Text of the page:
Heavenly Mindedness in the Early Church

The Ante-Nicene Fathers, 10 vols.   -              Edited By: Alexander Roberts      When Cyprian (d. 258 AD) wrote to Christians who were being persecuted, one thing he told them (among many) was to keep their eyes fixed on heaven. Perhaps with Hebrews 11 in the background, Cyprian told fellow believers to stand firm in the Christian faith and focus on the life to come. Here are a few examples of his pastoral call to heavenly mindedness.

“The one peaceful and trustworthy tranquility, the one solid and firm and constant security, is this, for a man to withdraw from these eddies of a distracting world, and, anchored on the ground of the harbor of salvation, to lift his eyes from earth to heaven.”

“Let us not look to things which are behind, whither the devil calls us back, but to the things which are before, whither Christ calls us. Let us lift up our eyes to heaven, lest the earth with its delights and enticements deceive us.”

“But we who live in hope, and believe in God, and trust that Christ suffered for us and rose again, abiding in Christ, and through him and in him rising again, why either are we ourselves unwilling to depart hence from this life, or do we bewail and grieve for our friends when they depart as if they were lost, when Christ himself our Lord and God encourages us and says, ‘I am the resurrection and the life: he that believeth in me, though he die, yet shall live; and whoever liveth and believeth in me shall not die eternally?’ If we believe in Christ, let us have faith in his words and promises; and since we shall not die eternally, let us come with a glad security unto Christ, with whom we are both to conquer and to reign for ever.”

“We should consider…that we are…living here as guests and strangers. Who that has been placed in foreign lands would not hasten to return to his own country? Who that is hastening to return to his friends would not eagerly desire a prosperous gale, that he might sooner embrace those dear to him?”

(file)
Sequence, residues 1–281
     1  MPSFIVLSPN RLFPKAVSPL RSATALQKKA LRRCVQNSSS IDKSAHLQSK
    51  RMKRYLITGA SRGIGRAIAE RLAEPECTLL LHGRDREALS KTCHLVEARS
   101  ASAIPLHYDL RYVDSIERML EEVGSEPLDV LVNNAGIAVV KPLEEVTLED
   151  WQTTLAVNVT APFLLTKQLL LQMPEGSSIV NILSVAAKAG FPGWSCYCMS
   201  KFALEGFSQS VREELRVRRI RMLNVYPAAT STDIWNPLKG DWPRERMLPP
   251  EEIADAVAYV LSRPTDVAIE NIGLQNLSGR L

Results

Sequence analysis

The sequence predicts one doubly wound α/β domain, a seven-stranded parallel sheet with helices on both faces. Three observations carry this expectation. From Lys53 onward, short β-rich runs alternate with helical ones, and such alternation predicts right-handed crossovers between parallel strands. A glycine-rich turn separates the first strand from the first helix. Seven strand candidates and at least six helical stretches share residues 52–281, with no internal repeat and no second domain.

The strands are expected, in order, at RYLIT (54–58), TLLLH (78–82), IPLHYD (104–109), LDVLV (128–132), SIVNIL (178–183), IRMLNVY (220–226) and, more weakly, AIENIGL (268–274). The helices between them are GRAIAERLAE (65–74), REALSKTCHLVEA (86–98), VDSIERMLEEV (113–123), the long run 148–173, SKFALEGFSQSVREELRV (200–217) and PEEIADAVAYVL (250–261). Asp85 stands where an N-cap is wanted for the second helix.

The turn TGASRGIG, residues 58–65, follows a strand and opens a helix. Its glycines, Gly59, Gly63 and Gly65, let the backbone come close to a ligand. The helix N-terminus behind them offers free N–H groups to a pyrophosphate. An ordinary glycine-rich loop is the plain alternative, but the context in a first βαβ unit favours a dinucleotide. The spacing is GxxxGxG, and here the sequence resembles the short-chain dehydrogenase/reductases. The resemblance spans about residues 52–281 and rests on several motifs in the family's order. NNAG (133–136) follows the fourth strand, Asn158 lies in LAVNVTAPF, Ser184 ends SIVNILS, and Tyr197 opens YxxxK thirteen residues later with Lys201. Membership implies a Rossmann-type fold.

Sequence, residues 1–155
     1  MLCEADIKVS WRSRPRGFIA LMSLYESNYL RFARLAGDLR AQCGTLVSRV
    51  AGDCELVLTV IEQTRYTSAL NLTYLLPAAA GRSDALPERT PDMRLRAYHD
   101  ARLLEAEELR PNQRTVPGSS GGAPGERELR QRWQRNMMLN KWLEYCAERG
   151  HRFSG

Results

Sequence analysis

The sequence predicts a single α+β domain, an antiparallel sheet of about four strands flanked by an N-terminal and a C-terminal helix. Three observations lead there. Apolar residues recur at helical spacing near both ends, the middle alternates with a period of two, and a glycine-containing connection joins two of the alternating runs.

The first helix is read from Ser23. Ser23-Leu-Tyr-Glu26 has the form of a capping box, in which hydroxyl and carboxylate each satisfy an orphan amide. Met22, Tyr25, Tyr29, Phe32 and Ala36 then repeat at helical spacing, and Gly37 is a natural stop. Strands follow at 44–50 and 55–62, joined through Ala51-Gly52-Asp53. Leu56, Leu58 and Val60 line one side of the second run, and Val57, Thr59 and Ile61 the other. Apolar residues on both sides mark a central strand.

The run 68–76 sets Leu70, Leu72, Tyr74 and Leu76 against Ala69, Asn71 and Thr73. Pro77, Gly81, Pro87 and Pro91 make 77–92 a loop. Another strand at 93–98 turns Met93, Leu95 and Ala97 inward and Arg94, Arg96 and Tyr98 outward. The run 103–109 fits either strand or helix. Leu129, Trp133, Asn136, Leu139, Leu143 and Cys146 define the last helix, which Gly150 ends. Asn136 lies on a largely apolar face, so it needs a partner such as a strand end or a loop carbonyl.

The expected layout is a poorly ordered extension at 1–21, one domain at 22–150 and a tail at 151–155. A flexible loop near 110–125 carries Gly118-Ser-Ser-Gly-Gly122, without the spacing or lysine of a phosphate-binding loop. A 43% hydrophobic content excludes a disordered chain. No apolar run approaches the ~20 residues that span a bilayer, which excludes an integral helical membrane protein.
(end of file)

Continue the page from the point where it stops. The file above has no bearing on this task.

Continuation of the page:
These – and many other such excellent quotes – are found in the letters and treatises of Cyprian. You can read these in The Ante Nicene Fathers, volume 5, pages 279, 287, and 473f.

shane lems

Two Good Reads

A few weeks back I finished this historical biography on Anne Bradstreet (1612-1642) by Faith Cook: Anne Bradstreet Pilgrim and Poet (Carlisle: EP Books, 2010).  This is a great introduction to an amazing Puritan woman’s life, times, and writings.  Anne came to America with some of the first Puritan refugees in the 1630s and faced the tough shores of the American East coast.  Her life was filled with death – many of her children, siblings, and friends died at young ages.  Her poems often reflected this unavoidable reality along with the truth of life after death:

All men must die and so must I
This cannot be revoked
For Adam’s sake this word God spake
When he so high provoked
Yet live I shall, this life’s but small
In place of highest bliss
Where I shall have all I can crave
No life is like to this.

I enjoyed this book; I’ve not read many books about this time period in America’s Puritan history, so it was fascinating.  I recommend it for anyone who enjoys historical biography along with excellent poems of Christian piety.  Faith Cook is a superb author and biographer.  This book will not disappoint.  It would be a good one for a women’s book club at your church.